GE's "dual piezo cooling jet" could enable even cooler gadgets
By Darren Quick
December 13, 2012
Despite their shortcomings, fans do a good job of cooling things down inside PC chassis. Unfortunately, their bulky shape and drain on battery life doesn’t make them a viable option for thinner form factors, such as tablets and smartphones, limiting the processing grunt that can be crammed inside such devices. Inspired by lungs and by adapting technology that improves airflow through jet engines, researchers at GE have created a super-thin cooling device they say will enable thinner, quieter and more powerful tablets and laptops.
Rather than relying on rotating blades to extract the hot air from around the electronics, the device developed as GE Global Research uses vibrations generated by a piezoelectric material. The device, which has been dubbed the "dual piezo cooling jet," measures just three millimeters thick and consists of two nickel discs that are connected on either side to a sliver of piezoelectric ceramics.
When an alternating current is passed through the ceramic component, it expands and contracts at up to 150 times per second so that the nickel discs act like a bellows. When the piezoelectric material constricts, the edges of the two nickel discs are pushed together so that they bend away from each other and suck in hot air from the surrounding area. Then, when the piezoelectric material expands, the nickel discs come together and the air is expelled from the center at high velocity.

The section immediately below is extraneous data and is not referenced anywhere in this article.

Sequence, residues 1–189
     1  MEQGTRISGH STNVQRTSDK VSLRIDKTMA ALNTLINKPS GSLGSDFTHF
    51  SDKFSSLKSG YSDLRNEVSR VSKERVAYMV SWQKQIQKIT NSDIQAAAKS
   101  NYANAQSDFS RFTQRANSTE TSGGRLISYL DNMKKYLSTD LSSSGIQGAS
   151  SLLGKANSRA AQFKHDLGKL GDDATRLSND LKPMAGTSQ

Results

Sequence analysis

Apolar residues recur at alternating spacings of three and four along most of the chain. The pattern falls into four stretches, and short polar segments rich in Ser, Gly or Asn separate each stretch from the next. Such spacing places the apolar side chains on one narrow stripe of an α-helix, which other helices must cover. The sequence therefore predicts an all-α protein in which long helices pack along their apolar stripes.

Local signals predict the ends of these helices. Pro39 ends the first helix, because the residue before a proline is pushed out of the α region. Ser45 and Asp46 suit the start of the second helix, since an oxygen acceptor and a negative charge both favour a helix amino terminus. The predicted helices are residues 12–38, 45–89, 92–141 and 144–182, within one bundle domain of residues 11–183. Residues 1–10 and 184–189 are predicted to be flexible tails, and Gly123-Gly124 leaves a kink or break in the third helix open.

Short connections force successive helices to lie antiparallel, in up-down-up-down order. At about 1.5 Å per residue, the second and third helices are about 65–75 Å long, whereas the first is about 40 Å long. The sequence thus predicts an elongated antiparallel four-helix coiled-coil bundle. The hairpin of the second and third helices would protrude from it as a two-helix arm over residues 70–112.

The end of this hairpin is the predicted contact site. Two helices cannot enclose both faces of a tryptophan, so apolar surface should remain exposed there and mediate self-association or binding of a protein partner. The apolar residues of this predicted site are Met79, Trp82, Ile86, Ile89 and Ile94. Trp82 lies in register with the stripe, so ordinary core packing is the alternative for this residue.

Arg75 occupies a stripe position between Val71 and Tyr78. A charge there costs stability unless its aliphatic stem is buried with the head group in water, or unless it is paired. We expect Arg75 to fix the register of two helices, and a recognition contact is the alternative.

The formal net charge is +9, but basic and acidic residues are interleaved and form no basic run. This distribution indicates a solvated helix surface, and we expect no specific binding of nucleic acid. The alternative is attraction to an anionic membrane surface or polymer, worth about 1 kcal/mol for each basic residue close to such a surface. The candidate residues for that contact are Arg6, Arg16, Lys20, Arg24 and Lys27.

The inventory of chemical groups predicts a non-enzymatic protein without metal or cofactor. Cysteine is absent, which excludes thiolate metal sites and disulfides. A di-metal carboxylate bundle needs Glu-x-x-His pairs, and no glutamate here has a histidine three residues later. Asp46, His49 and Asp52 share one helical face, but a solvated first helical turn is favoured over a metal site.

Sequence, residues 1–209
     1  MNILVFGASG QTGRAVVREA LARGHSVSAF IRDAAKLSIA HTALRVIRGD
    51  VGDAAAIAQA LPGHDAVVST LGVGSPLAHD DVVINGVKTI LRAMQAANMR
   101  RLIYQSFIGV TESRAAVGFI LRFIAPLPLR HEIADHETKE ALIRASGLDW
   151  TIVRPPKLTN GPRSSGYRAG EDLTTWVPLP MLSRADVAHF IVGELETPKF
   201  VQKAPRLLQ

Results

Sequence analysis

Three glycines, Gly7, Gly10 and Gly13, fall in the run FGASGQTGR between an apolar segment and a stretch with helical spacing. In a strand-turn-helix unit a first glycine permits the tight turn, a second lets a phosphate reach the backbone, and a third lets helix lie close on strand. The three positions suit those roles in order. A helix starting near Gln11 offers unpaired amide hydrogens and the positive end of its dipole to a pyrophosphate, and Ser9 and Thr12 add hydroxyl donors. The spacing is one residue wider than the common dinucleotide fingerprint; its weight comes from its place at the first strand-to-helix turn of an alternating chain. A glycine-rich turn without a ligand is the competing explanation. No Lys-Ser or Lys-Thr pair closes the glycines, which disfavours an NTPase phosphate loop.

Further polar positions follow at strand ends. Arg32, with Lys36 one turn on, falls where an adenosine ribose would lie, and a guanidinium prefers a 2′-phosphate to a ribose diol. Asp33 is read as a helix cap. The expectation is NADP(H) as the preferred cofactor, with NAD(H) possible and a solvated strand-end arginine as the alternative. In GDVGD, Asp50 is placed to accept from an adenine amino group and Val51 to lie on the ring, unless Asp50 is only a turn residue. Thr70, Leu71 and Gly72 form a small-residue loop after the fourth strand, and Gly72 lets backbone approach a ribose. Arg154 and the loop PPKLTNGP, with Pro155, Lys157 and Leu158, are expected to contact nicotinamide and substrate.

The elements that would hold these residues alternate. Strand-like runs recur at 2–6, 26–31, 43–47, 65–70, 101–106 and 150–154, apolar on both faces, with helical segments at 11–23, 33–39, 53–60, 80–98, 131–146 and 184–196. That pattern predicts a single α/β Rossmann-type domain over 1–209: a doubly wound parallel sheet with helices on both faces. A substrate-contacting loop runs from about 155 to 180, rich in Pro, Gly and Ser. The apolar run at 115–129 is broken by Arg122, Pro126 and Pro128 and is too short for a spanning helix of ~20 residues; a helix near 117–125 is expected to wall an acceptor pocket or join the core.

Unlike cooling fans, the device has no bearings and doesn’t require a DC motor to run. It is also much thinner and consumes less energy than a fan. GE estimates that its cooling technology could add an extra 30 minutes of battery life to a laptop. Additionally, it says the dual piezo cooling jet can move the same amount of air as a comparable cooling fan twice its size while consuming half the amount of electricity and being cheaper to make. The technology is also scalable, so can be made smaller or larger to suit the application.
The research team, led by GE Global Research’s lead thermal systems engineer, Peter deBock, has already swapped their device for a fan in a laptop. “We had a lot of space left over,” deBock says. “It can make the laptop thinner or allow adding more electronics.”
Having received the first patent for the technology back in 2004, GE has licensed it to Japan’s Fulikura LTD, a major manufacturer of cooling devices.
The GE researchers explain their dual piezo cooling jet in the video below.
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